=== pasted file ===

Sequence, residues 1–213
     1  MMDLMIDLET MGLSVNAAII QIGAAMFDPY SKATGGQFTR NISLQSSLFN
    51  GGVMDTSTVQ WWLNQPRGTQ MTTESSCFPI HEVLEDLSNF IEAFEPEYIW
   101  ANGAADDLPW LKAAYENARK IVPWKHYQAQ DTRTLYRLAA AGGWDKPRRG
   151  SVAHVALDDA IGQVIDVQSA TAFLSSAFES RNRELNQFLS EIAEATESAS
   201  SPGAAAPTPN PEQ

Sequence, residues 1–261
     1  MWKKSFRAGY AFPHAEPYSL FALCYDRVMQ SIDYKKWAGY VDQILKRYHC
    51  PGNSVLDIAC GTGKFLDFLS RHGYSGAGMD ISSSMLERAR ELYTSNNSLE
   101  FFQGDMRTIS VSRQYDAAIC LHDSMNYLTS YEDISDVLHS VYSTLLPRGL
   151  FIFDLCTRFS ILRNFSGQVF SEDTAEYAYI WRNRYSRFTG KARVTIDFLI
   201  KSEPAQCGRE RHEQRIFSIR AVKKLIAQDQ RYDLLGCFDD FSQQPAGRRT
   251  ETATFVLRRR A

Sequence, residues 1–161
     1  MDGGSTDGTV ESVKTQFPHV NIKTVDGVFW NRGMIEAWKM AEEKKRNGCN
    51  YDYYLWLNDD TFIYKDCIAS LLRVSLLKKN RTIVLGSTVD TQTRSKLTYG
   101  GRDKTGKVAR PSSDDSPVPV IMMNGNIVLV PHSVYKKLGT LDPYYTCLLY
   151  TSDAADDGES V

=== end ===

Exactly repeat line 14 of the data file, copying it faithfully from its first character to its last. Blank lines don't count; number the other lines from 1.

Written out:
Sequence, residues 1–161